Why do pens have rubbery grips?

Research output: Contribution to journalArticle

Standard

Why do pens have rubbery grips? / Adams, Michael; Dzidek, Brygida; Bochereau, Serena; Johnson, Simon; Hayward, Vincent.

In: National Academy of Sciences. Proceedings, Vol. 114, No. 41, 10.10.2017, p. 10864-10869.

Research output: Contribution to journalArticle

Harvard

Adams, M, Dzidek, B, Bochereau, S, Johnson, S & Hayward, V 2017, 'Why do pens have rubbery grips?', National Academy of Sciences. Proceedings, vol. 114, no. 41, pp. 10864-10869. https://doi.org/10.1073/pnas.1706233114

APA

Adams, M., Dzidek, B., Bochereau, S., Johnson, S., & Hayward, V. (2017). Why do pens have rubbery grips? National Academy of Sciences. Proceedings, 114(41), 10864-10869. https://doi.org/10.1073/pnas.1706233114

Vancouver

Adams M, Dzidek B, Bochereau S, Johnson S, Hayward V. Why do pens have rubbery grips? National Academy of Sciences. Proceedings. 2017 Oct 10;114(41):10864-10869. https://doi.org/10.1073/pnas.1706233114

Author

Adams, Michael ; Dzidek, Brygida ; Bochereau, Serena ; Johnson, Simon ; Hayward, Vincent. / Why do pens have rubbery grips?. In: National Academy of Sciences. Proceedings. 2017 ; Vol. 114, No. 41. pp. 10864-10869.

Bibtex

@article{41529aa674aa483da0c744b27c48532d,
title = "Why do pens have rubbery grips?",
abstract = "The process by which human fingers gives rise to stable contacts with smooth, hard objects is surprisingly slow. Using high-resolution imaging, we found that, when pressed against glass, the actual contact made by finger pad ridges evolved over time following a first-order kinetics relationship. This evolution was the result of a two-stage coalescence process of microscopic junctions made between the keratin of the stratum corneum of the skin and the glass surface. This process was driven by the secretion of moisture from the sweat glands, since increased hydration in stratum corneum causes it to become softer. Saturation was typically reached within 20 s of loading the contact, regardless of the initial moisture state of the finger and of the normal force applied. Hence, the gross contact area, frequently used as a benchmark quantity in grip and perceptual studies, is a poor reflection of the actual contact mechanics that take place between human fingers and smooth, impermeable surfaces. In contrast, the formation of a steady-state contact area is almost instantaneous if the counter surface is soft relative to keratin in a dry state. It is for this reason that elastomers are commonly used to coat grip surfaces.",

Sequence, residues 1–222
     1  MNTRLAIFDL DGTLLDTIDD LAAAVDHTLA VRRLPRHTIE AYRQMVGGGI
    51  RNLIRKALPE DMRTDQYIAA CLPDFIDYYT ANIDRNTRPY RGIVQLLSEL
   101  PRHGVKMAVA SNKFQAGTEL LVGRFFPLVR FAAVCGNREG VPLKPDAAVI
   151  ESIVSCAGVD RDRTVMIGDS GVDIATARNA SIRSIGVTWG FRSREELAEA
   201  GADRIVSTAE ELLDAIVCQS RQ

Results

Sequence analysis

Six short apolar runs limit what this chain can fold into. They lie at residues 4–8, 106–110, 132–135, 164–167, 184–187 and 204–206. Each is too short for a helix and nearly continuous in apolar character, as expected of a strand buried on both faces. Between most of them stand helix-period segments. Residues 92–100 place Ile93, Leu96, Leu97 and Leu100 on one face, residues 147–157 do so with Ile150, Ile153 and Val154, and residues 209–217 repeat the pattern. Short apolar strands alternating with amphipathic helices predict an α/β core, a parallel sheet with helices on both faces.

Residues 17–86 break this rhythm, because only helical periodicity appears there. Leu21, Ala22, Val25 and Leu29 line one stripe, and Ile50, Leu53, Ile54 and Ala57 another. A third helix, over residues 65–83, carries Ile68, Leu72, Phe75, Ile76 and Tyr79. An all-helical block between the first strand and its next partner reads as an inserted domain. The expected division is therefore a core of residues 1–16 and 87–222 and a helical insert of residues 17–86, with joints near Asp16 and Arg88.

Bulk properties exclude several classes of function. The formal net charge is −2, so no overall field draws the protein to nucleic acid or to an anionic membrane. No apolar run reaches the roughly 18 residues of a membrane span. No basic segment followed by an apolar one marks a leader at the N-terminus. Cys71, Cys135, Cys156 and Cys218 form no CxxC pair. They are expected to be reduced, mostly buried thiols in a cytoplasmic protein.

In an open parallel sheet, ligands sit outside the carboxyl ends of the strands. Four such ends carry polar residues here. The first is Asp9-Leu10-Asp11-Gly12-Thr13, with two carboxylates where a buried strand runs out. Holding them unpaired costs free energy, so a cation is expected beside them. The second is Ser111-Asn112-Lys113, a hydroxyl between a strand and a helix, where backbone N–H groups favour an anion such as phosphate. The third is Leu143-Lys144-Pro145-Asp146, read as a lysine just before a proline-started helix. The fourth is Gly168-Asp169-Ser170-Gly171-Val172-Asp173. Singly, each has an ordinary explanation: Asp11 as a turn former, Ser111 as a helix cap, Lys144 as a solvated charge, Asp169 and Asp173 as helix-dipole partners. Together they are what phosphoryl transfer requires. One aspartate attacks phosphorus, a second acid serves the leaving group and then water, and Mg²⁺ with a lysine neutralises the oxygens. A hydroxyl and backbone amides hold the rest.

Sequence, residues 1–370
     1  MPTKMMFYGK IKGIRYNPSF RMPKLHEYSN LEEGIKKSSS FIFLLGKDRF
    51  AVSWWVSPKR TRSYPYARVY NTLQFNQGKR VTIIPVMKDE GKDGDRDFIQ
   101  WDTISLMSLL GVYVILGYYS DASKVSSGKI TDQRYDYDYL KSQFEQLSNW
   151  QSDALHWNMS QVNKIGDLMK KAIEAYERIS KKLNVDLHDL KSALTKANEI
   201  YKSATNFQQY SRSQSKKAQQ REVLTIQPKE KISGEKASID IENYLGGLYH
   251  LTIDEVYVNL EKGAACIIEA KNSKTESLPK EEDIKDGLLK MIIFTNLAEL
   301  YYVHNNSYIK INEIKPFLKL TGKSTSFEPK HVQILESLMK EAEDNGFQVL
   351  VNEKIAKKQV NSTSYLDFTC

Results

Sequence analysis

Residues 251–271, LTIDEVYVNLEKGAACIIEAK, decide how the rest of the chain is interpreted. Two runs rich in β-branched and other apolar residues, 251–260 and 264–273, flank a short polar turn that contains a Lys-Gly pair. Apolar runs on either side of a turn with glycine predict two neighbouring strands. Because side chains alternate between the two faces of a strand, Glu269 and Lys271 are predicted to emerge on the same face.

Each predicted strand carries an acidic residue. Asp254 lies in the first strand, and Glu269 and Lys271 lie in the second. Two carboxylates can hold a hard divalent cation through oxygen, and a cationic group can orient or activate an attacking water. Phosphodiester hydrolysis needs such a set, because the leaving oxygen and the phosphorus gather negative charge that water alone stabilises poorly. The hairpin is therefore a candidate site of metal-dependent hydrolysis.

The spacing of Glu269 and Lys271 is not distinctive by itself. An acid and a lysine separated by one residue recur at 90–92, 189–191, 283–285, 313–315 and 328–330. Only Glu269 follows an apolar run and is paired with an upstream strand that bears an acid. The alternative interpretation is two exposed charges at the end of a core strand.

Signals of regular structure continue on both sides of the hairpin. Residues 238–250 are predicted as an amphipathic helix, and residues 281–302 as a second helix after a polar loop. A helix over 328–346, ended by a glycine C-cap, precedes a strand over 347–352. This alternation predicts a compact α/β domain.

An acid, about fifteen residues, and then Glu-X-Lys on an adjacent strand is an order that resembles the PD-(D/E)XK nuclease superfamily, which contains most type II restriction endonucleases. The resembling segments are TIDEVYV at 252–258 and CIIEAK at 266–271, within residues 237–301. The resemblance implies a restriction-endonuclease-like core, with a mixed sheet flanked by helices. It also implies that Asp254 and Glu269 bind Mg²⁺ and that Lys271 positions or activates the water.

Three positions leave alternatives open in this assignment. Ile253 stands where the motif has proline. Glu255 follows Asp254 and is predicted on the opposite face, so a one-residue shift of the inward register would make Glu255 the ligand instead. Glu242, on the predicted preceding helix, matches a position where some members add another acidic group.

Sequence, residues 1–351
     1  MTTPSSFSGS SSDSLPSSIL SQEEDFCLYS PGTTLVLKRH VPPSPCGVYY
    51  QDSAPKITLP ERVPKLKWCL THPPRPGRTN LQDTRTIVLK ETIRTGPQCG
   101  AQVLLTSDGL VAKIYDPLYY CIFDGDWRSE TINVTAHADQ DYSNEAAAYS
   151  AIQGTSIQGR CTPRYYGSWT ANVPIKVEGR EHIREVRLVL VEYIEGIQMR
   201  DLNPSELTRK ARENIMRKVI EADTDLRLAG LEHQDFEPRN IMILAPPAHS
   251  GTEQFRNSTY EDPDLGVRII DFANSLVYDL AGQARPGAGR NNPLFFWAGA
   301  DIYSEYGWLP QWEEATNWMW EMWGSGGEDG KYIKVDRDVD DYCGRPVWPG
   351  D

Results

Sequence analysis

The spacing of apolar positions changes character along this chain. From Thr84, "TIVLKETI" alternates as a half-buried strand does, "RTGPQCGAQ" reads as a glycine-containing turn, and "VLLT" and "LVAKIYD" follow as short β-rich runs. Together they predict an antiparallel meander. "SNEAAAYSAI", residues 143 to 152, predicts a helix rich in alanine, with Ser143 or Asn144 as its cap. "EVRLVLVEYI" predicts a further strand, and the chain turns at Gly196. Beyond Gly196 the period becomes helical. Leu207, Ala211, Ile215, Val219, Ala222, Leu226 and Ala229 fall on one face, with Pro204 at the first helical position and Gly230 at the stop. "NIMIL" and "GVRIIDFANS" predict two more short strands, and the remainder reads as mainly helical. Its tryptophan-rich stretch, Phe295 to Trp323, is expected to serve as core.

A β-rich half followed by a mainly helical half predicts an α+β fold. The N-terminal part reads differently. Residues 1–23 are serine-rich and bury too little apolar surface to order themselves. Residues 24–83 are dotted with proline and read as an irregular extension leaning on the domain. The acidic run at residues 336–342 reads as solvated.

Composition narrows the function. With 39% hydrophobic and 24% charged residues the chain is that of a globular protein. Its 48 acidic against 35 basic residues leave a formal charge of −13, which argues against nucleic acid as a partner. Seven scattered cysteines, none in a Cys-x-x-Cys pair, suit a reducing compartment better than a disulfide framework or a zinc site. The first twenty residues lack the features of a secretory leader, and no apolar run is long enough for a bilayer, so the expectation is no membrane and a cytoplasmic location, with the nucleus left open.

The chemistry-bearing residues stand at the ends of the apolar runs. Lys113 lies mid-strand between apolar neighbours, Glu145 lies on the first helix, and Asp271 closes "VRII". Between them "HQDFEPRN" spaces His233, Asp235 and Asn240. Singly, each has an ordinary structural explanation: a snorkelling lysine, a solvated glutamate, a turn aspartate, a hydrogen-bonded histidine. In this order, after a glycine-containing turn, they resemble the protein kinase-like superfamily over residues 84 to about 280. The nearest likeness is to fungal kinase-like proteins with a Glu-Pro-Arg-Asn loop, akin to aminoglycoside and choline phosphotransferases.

keywords = "Finger friction, True contact area kinetics, Biotribology, Fingerprints",
author = "Michael Adams and Brygida Dzidek and Serena Bochereau and Simon Johnson and Vincent Hayward",
year = "2017",
month = oct,
day = "10",
doi = "10.1073/pnas.1706233114",
language = "English",
volume = "114",
pages = "10864--10869",
journal = "National Academy of Sciences. Proceedings",
issn = "1091-6490",
publisher = "National Academy of Sciences",